Waters v. United States
In Waters v. United States, 787 A.2d 71 (Del. 2001), the Delaware Supreme Court was asked via certified question whether a no-fault carrier who paid no-fault benefits to its insured could subrogate against the United States.
The Court held that the no-fault insurer had a legal right to subrogate against the United States to recover the no-fault benefits paid to its insured. In addressing whether the federal government was subject to subrogation, the Court discussed the State of Delaware's status as a self-insured entity and applied that analysis to the federal government to conclude that the federal government was likewise effectively self-insured.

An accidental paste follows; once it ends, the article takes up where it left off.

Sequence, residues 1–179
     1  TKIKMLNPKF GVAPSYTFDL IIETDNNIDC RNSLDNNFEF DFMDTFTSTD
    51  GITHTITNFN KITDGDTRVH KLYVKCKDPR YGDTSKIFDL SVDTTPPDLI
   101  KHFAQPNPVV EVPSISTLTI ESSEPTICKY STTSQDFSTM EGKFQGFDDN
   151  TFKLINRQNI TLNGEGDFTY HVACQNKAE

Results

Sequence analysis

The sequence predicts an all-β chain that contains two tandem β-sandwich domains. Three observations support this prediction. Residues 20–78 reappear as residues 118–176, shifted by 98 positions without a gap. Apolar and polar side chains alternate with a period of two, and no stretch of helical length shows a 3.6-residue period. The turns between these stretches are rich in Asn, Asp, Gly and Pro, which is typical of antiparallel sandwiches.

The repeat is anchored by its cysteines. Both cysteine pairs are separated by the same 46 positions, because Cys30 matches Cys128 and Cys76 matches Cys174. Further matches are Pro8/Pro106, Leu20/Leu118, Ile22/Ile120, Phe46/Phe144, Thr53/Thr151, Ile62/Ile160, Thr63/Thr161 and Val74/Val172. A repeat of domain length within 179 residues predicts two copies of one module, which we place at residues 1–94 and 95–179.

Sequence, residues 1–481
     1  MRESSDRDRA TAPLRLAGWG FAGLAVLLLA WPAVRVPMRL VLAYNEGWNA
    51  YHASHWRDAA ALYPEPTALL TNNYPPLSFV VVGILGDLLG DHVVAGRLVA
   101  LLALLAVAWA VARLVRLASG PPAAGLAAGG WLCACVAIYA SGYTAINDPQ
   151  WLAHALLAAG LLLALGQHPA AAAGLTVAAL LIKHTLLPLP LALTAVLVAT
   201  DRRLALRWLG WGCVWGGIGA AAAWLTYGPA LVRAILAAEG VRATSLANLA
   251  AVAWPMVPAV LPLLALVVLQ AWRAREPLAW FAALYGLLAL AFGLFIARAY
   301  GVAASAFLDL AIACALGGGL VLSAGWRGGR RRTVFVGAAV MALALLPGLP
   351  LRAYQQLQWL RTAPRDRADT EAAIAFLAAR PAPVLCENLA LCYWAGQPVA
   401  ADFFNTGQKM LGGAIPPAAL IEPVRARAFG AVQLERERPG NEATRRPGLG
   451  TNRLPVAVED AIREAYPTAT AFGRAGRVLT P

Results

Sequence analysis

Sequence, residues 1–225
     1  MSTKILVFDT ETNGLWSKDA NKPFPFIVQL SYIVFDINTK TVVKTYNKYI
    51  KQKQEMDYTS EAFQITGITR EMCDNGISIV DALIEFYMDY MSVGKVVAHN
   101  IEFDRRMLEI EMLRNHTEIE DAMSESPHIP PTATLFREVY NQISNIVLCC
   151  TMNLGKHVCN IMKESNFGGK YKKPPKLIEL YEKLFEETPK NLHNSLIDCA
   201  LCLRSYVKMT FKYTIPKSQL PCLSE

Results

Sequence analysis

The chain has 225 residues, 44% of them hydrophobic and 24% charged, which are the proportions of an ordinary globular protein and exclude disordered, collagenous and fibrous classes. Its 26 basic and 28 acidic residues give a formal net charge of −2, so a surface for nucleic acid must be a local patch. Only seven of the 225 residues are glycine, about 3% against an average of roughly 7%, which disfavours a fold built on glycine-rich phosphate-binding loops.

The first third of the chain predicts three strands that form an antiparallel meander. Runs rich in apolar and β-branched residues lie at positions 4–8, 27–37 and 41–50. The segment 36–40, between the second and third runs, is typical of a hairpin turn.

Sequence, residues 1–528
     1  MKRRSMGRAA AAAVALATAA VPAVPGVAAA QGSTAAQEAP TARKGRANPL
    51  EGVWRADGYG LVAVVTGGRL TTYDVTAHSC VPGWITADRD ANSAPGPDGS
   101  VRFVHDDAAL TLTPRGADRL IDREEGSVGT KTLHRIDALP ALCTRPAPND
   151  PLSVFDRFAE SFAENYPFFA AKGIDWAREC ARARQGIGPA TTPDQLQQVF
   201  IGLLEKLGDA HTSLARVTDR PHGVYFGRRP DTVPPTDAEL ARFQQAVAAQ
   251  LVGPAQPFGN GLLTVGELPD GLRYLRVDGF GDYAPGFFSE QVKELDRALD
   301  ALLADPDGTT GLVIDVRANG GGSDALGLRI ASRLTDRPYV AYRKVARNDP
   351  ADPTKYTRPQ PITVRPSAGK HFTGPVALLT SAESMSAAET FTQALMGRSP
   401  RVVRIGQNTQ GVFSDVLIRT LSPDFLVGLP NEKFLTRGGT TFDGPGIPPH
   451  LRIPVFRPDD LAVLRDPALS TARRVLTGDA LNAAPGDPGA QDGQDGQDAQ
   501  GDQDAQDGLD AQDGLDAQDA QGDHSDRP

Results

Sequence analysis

The Waters Court reasoned that the State is in essence a "self-insured" entity, insofar as it provides financial security for its employees, at least equivalent to the insurance requirements contemplated by state law. The Court explained that the statutory limitations on subrogation rights prescribed by Section 2118 do not apply to "self insured" tortfeasors. As the United States is most closely aligned with a "self insured" entity, the no-fault carrier was entitled to subrogation under the Delaware Financial Responsibility Law. Of particular note is the Court's discussion in dicta regarding the policy goals of the no-fault statute, "one of which was to hold the tortfeasor liable by granting the insurer a subrogation right." (Id.)